The 1953 General Elections[]

In 1953, Howard was greenlighted by the Party to run for Prime Minister. He came second to Albert van Christen, and became State Secretary. His mandate with Christen, he said, was based on "a very good communication, as it should always between elected members of Government".

The 1956 General Elections[]

In 1956, James Howard campaigned once again for the premiership, and won, owing to his rising popularity and innovative policy ideas.

Prime Minister (1956-1959)[]

James Howard began his term as Prime Minister by introducing the Howard Bill, a Government Motion aiming to increase worker protection and reduce unemployment. However, in 1958, Howard was confronted to Government corruption and feared a Government collapse after Delegate to the Ministry of Energy John Steele was reported in the Bancairn Express to have received regular sums of money from the NAPC (see Steele corruption affair). Howard revoked Steele; the Minister for Energy, Warner Soleman, suddenly decided to resign, against Howard's advice. He finally replaced him with Gerald Gaven, a fellow Conservative. After these events, Howard relaxed his policies and assumed "business as usual" in Government. However, things became worse.

Involvement in the Randall Scandal[]

In September 7, 1959, Defence Minister Douglas Randall constructed a hoax with the help of a technician working at Central Airport; this involved a fake explosive device placed inside the hatch of an international flight from London. At the news of this, Howard, fearing a terrorist attacks, assumed full responsibility for the solution of the crisis. When Randall admitted to have lied to the nation, Howard was equally blamed for his involvement, and some of the disapproval projected at Randall rebounded on him. After weeks of constant opposition and a plunge in his confidence polls, Howard was torn between resigning and running again as Prime Minister in the imminent Elections.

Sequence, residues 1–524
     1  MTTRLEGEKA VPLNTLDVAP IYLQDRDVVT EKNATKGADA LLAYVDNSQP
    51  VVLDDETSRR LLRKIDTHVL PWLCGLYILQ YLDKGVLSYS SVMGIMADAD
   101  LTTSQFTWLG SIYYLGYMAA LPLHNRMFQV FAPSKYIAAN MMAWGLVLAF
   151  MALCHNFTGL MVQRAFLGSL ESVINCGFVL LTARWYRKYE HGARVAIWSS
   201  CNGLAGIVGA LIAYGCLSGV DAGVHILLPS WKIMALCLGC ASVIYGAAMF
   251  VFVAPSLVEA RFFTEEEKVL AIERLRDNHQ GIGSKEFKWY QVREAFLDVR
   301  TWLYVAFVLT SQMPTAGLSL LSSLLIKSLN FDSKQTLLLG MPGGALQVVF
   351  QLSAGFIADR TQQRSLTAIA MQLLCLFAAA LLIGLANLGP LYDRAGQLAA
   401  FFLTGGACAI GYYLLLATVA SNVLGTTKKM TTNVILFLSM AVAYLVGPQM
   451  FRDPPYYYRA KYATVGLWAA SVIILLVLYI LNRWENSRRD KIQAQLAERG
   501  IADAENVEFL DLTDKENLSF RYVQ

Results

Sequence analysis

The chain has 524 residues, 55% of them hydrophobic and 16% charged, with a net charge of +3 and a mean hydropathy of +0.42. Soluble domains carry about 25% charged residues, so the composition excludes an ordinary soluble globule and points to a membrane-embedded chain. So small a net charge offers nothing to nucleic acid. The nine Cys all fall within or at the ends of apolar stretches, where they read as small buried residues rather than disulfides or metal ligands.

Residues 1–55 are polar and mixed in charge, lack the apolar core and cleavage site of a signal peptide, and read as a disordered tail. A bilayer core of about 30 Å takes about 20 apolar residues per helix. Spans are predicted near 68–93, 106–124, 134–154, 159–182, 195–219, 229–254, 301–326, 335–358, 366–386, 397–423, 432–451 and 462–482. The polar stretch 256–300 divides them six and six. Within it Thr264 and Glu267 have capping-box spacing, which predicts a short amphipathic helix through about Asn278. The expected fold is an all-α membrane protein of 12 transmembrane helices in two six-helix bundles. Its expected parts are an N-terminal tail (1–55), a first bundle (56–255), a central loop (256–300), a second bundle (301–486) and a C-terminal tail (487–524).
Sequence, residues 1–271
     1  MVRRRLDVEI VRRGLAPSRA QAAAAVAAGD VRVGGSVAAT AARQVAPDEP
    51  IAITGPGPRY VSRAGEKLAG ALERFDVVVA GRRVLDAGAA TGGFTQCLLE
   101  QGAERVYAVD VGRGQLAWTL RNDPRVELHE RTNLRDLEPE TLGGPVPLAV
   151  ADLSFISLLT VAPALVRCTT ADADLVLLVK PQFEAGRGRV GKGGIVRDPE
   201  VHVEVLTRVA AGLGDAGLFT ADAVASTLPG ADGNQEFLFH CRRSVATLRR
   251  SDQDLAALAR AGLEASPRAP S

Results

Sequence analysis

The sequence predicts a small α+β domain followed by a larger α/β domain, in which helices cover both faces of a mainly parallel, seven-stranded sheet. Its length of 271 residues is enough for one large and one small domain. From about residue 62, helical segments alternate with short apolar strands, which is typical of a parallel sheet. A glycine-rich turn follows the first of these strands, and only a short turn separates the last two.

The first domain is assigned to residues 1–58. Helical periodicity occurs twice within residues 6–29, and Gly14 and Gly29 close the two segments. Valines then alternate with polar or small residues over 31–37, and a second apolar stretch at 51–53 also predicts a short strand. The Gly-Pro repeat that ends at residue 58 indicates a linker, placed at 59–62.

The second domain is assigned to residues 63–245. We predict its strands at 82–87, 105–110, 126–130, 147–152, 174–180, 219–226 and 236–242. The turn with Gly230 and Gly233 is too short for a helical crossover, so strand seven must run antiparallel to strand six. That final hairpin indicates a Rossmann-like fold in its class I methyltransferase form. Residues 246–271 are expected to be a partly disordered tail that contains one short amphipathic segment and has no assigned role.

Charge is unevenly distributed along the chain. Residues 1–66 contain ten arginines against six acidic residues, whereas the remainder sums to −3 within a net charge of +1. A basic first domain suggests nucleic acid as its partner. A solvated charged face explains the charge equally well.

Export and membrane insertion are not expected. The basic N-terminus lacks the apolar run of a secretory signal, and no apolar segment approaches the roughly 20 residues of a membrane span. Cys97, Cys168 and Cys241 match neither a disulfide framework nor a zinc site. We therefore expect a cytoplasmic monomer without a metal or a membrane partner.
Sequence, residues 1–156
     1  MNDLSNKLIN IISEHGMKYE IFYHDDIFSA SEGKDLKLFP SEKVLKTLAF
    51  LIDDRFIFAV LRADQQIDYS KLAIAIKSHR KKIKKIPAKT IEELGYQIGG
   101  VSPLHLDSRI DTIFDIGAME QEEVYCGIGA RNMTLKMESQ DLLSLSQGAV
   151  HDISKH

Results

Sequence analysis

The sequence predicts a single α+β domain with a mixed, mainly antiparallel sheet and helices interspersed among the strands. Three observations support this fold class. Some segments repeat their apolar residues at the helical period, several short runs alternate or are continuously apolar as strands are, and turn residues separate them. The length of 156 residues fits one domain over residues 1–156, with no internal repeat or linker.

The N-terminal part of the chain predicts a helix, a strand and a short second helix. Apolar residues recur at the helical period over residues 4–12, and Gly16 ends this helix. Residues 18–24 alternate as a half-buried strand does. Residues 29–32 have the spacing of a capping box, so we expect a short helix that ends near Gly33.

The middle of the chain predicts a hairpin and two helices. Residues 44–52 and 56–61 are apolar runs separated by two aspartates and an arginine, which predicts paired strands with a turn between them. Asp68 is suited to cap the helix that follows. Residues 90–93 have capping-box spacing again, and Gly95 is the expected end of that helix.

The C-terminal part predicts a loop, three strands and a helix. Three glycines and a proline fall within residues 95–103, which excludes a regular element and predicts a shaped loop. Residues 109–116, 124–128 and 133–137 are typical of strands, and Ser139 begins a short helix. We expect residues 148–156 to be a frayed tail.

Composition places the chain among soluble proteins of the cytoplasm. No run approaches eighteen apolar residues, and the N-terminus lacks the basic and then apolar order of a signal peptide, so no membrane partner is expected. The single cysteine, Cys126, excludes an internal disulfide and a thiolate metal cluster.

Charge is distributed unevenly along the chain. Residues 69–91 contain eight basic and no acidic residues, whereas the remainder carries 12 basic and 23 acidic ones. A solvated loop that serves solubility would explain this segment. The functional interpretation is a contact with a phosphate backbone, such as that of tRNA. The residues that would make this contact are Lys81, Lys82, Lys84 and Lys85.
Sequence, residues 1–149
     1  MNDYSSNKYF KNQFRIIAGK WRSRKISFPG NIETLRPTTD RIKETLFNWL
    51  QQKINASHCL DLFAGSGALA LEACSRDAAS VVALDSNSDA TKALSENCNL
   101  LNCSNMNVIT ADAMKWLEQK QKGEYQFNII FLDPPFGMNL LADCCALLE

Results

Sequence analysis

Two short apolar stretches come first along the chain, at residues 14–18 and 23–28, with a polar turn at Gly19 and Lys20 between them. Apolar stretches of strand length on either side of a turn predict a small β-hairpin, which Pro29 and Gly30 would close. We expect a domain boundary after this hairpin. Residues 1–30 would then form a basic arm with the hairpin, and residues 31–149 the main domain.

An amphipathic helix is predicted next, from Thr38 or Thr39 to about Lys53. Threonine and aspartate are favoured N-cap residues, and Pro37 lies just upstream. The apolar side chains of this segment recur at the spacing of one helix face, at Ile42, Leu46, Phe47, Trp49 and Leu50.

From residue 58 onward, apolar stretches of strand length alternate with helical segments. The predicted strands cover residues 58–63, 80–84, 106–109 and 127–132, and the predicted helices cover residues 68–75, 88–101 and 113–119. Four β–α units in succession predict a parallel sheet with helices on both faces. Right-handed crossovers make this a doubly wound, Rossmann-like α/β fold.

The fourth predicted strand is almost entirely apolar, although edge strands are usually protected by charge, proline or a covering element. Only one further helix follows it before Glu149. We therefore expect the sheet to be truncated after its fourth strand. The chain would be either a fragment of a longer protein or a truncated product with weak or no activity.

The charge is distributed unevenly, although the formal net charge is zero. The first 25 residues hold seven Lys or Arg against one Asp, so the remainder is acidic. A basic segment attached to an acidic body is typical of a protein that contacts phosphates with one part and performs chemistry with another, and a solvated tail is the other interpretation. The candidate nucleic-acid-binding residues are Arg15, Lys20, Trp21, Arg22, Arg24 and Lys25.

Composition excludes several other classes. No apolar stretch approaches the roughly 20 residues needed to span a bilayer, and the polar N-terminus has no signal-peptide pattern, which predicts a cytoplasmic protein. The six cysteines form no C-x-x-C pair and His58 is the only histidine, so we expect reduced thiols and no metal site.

The 1959 Elections and fall[]

In 1959, Howard and Randall ran in the Elections. Howard's major opponent, Sebastian Wycroft, was a 36-year-old Socialist. Howard was hardly elected on any ballot, and received only 9'835 votes nationally. He took the customary "compensation seat" in the House, where he led the opposition against Wycroft and the Socialist Party. Howard was said to be particulary touchy about Wycroft because the latter was also a native of Port Sarah (some further advance that Howard disliked Wycroft's good looks, but this was never confirmed). He retired in 1962, a beaten and disgraced man.

Presidency over the Conservative Party[]

In 1960, Howard became President of the Conservative Party. He retired from this post in 1962, at the same time as his term in Parliament ended.

Retirement & death[]

From 1962 to 1972, Howard acted as an advisor to Conservative candidates like James McAby, but stayed invisible from the public. In 1960, he suffered from a stroke, and spent several weeks in hospital. In 1970, he took his leave from the Party and led a quiet life in Deaston until his death in 1990. He observed his Party become more and more aligned with the policies of the British Conservatives and American republicans, and moving increasingly away from the people.